The 48,XXYY syndrome represents a chromosomal anomaly of the aneuploidic type characterized by the presence of an extra X and Y chromosome in males.
There is an annual incidence of 1/18,000 to 1/50,000 male births.
The 48,XXYY syndrome can be considered as a variant of Klinefelter syndrome (see term) as it shares the same clinical phenotype (tall stature, infertility, microorchidism, hypergonadotropic hypogonadism) but in addition includes behavioral problems (anxiety, aggressiveness, communication difficulties), psychiatric problems (hyperactivity, depression, etc.) and general minor language and learning troubles (reading difficulty, dyslexia). There is also sometimes minor intellectual deficit (average IQ of 77). A delay in motor development, often associated with hypotonia, is frequently observed. Very minor, non-specific facial dysmorphism (hypertelorism, epicanthal folds, facial assymetry, flat occiput) and other dysmorphic characteristics (clinodactyly, pes planus, prominent elbows with cubitus varus, etc.) are more frequently observed than in Klinefelter syndrome. Congenital heart defects and skeletal anomalies (radioulnar synostosis) can also be present. Neurological (epilepsy), dental (thin enamel, delay in eruption of teeth, taurodontism), ophthalmological (strabismus) and digestive (gastro-esophageal reflux) problems are frequent during childhood. With age, other symptoms can appear, such as tremor, scoliosis, obesity, type 2 diabetes and/or respiratory problems (asthma, respiratory infections).
The most probable etiology is the non disjunction of homologous chromosomes (during the first meiotic division) or sister chromatids (during the second meiotic division) during spermatogenesis. There is no known factor responsible or predisposing to this syndrome.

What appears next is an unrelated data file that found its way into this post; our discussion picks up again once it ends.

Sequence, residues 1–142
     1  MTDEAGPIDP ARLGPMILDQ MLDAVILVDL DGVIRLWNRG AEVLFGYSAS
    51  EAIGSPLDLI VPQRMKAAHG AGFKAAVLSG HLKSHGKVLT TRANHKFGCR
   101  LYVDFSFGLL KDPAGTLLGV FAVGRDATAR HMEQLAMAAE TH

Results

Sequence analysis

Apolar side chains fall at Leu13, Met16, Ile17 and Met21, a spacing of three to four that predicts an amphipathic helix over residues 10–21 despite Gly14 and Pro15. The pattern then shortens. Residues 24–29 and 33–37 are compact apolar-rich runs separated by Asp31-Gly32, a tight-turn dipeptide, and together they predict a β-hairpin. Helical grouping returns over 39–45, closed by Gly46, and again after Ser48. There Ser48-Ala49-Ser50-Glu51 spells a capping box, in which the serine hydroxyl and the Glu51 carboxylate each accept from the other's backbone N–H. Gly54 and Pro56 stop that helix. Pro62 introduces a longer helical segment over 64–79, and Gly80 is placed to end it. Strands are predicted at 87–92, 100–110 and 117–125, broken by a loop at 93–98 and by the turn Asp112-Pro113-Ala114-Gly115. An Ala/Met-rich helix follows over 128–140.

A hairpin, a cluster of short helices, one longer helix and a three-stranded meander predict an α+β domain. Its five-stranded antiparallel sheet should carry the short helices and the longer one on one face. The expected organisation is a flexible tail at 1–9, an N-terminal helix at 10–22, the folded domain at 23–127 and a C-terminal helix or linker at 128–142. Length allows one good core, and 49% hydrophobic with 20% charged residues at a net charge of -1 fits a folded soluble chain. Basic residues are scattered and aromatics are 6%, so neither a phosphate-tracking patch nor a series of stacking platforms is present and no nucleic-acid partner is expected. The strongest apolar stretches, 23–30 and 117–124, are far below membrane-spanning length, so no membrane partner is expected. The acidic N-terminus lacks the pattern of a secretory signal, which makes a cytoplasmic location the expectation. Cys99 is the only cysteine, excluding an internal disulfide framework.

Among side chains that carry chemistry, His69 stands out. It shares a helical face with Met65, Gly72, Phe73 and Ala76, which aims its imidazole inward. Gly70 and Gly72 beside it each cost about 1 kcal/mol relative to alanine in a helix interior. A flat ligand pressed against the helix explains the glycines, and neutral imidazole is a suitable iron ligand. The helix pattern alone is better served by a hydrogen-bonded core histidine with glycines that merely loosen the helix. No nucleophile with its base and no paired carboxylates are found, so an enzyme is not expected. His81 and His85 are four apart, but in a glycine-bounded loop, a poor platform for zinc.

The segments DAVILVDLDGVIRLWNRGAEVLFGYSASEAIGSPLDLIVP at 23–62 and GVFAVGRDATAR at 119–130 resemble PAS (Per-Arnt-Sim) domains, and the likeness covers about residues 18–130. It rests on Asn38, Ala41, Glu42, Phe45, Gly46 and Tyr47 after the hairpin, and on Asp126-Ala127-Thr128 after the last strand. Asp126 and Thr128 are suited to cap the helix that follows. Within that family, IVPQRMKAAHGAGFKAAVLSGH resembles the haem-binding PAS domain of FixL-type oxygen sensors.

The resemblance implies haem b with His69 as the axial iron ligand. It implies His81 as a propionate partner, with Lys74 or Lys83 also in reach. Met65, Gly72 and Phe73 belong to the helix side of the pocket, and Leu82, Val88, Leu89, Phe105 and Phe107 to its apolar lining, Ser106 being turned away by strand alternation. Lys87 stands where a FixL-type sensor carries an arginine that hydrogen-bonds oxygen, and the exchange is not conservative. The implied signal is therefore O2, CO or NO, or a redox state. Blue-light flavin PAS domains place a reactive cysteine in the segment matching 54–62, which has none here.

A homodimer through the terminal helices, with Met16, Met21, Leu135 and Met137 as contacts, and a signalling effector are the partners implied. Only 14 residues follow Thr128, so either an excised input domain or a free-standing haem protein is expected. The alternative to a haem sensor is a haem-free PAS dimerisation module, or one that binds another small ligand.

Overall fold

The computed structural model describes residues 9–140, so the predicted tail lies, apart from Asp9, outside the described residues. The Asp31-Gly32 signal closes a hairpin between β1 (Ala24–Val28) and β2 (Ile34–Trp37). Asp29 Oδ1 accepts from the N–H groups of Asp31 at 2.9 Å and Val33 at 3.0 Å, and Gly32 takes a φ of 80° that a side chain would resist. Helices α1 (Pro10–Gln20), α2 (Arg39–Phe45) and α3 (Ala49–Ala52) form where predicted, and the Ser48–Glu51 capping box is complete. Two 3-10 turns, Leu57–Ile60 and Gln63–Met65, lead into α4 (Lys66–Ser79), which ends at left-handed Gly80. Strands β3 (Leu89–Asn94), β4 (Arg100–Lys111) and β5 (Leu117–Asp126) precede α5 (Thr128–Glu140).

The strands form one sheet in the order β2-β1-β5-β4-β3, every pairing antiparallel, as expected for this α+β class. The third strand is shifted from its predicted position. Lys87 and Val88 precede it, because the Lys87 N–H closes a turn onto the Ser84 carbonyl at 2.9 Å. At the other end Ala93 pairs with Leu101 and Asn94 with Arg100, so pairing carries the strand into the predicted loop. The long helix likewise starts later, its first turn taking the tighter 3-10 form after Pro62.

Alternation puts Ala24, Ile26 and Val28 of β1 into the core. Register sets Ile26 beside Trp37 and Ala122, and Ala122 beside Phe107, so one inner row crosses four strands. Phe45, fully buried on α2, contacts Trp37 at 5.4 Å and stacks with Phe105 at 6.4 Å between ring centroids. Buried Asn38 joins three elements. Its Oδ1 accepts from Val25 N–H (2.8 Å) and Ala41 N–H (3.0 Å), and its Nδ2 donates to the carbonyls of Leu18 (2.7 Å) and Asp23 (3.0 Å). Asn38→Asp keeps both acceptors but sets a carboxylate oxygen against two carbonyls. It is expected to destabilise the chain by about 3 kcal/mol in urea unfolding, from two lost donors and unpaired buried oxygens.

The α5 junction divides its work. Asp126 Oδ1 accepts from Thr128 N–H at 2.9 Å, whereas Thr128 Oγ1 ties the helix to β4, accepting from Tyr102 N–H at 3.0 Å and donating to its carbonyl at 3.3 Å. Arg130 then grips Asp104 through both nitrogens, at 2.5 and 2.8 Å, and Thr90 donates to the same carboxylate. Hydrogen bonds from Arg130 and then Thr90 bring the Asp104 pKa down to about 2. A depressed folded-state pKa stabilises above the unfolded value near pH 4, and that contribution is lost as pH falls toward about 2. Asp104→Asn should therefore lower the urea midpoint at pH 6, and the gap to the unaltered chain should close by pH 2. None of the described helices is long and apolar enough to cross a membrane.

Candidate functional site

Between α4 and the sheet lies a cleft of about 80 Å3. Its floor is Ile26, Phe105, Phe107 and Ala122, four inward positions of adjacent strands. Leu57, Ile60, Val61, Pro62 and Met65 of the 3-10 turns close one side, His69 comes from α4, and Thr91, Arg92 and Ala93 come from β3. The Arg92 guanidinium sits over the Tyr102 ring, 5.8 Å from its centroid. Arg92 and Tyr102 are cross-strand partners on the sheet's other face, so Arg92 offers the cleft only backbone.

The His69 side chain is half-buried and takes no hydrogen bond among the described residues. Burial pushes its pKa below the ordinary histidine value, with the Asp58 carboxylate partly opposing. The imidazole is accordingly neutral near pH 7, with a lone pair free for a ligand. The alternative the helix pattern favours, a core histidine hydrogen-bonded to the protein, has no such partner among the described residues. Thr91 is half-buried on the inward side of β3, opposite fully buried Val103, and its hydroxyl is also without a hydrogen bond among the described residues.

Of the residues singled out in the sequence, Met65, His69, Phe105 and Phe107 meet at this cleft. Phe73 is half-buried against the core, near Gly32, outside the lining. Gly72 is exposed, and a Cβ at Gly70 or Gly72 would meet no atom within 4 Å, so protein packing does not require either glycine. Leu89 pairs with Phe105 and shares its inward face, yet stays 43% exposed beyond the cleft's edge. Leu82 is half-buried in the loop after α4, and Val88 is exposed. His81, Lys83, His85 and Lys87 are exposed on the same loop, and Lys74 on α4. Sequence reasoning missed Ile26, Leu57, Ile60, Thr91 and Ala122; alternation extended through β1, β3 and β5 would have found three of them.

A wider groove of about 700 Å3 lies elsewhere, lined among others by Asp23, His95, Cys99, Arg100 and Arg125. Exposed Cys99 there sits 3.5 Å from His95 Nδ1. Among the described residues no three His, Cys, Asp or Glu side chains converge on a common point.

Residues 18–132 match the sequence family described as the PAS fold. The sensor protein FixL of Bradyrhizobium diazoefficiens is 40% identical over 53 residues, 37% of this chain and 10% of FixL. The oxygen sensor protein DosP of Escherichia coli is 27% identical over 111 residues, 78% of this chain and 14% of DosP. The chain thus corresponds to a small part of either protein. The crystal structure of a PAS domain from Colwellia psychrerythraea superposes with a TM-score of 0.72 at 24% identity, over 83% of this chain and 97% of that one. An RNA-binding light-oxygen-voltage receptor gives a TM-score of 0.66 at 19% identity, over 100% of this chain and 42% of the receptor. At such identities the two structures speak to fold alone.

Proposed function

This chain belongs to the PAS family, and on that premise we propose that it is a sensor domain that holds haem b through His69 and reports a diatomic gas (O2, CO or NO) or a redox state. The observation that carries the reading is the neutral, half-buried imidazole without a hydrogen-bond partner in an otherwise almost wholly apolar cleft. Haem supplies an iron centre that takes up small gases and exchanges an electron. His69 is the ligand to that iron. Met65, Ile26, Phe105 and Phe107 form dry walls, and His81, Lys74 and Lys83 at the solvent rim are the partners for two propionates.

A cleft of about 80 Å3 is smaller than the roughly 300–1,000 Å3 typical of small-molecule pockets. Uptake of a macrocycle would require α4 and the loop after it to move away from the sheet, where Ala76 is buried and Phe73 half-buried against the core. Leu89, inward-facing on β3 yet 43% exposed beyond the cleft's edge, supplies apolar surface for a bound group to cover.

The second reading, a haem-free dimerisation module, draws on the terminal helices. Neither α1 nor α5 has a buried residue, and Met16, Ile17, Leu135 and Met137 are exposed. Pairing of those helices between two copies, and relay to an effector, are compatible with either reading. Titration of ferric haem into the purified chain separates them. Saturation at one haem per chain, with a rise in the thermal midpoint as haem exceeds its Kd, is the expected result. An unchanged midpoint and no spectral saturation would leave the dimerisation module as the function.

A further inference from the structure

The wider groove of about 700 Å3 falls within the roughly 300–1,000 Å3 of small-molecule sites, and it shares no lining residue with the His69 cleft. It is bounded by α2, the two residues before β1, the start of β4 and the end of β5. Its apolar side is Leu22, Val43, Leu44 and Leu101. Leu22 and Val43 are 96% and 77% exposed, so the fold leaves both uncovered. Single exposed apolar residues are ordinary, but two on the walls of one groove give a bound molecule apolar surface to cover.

The metaphase karyotype allows for the confirmation of a clinical diagnosis.
Differential diagnoses include the other aneuploidies, such as Klinefelter (47,XXY) syndrome, 48,XXXY syndrome and 49,XXXXY syndrome (see these terms).
Antenatal diagnosis is possible by performing amniocentesis.
The risk of recurrence is very low, with cases of 48,XXYY being sporadic.
Management needs to be performed by a multidisciplinary team and includes the correction of heart defects and skeletal anomalies, as well as the management of sensory (ophthalmological examination), neurological, hormonal (testosterone-based hormone therapy), metabolic (thyroid and diabetes monitoring), respiratory, psychological and psychiatric care and of digestive problems. Regular dental follow-up is also recommended.
Patients have an essentially normal life expectancy but will need to attend regular medical visits, in particular for their respiratory and endocrine problems and their predisposition to infections. Patients should also be followed-up by a psychiatrist (in childhood and adulthood).
Last update: May 2011
- Dr Carole CORSINI
- Pr Pierre SARDA